When are you planning to retire? There’s a fair chance you want to retire in your late 50s or maybe 60. Great! Have you thought about how you’re going to fund your retirement? Even if you’ve got a final salary type pension, you’ll need to think about it, albeit longer term funding is arguably a little easier to comprehend. There is a common gap between your sought retirement age and state pension age, which is rising to 67 from 2028. The state pension provides an income for the rest of your life and for some, is the main income in retirement, for others, forms a foundation for their future.

You’re looking at a combined new state pension of around £18,000 for a couple, which is nice, but won’t allow many holidays or new cars and in any case, you’ve got a quite a wait between ceasing work and state pension age, if for example, you want to retire at 60. This is where some planning ahead is important. Thinking about a strategy aged 59, is not giving you much opportunity to get your finances in order.

My general mantra is to try and take advantage of allowances and tax breaks, when you can and to a level that is affordable. Ideally, you would be getting nearer to retirement with a mix of ISAs, pensions, general investment accounts and cash. There’s a fair chance that you’ve got a property too, but that’s your home, so I’m ignoring that for now.

Too much in any one ‘pot’ is not advantageous. Say you’ve got a pension worth £750,000. That’s fantastic, but bar the 25% tax free allowance, you’ll be paying income tax on withdrawals, which is exacerbated if one partner has the majority of the pension wealth.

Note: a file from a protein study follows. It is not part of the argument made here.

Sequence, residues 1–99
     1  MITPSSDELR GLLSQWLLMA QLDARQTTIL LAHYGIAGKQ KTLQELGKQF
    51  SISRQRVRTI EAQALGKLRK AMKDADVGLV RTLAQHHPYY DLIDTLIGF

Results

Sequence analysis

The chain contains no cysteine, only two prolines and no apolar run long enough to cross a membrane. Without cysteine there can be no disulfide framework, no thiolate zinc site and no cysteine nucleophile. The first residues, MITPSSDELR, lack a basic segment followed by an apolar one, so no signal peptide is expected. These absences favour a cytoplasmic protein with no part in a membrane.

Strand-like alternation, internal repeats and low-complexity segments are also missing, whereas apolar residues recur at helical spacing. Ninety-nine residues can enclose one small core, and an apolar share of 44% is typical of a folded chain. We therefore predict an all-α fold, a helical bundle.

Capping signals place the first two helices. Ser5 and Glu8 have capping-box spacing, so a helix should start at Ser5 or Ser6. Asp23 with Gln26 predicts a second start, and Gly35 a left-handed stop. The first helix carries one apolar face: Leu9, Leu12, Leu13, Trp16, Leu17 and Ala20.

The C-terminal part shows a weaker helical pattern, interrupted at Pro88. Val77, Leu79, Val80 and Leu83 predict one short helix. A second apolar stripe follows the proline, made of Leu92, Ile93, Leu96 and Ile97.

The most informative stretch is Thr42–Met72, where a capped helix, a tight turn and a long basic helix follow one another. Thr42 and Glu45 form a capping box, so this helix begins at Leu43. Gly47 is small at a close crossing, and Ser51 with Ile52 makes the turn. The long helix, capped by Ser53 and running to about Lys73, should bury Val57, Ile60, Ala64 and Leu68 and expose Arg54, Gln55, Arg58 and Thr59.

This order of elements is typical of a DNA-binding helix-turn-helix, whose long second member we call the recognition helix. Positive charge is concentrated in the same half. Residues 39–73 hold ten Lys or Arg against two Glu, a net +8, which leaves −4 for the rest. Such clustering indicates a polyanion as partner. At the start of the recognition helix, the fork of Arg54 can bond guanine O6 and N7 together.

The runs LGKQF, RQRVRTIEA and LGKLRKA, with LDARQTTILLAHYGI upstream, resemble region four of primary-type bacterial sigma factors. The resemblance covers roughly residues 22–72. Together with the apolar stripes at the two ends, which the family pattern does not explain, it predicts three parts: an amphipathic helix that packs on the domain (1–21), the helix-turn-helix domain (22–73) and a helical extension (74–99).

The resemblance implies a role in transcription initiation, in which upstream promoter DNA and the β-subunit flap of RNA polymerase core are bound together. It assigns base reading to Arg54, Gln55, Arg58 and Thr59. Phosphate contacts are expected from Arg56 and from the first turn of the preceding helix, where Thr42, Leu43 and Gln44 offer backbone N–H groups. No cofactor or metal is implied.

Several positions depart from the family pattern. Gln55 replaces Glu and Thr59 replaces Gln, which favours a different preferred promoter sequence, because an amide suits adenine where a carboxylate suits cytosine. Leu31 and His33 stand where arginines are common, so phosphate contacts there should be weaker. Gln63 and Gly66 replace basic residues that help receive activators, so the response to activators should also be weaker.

What to think about – the basics

  • Use your ISA allowances – up to £20,000 per adult, per tax year
  • Pensions – make contributions as you can afford and take advantage of employer contributions. Save income tax & grow your pot, whilst you’re earning
  • General investments – this is a useful additional pot to consider, but I would advocate items ISAs and pensions should probably take priority
  • Cash! We all need cash and irrespective of your investment levels, you need to retain cash.

Order of spending your money

It might seem counterintuitive, but there are benefits for leaving your pensions alone. They are useful for inheritance tax planning and investments within pensions grow free from capital gains tax. If you have a general investment account, use that first. ISAs next – in fact, you could take any income generated by your ISAs to help supplement your income. Pensions last. Cash fills the gaps!

However, if you stop earning a salary and don’t have any other income, then you have a personal allowance (£12,570 per tax year) that you don’t pay tax on, that you are essentially letting go to waste. In that case, why not consider taking chunks from your pension – you don’t necessarily have to commit to taking an income from your pension, keep it flexible!

Many, many questions and there is no set formula that will work for everyone, but there are some golden rules

  • Make use of those allowances (notably pensions & ISAs)
  • Don’t leave too much in cash – over the long term, it WILL lose value
  • If you’re a couple, try and grow your wealth together
  • Think ahead and don’t panic

Thanks for reading and….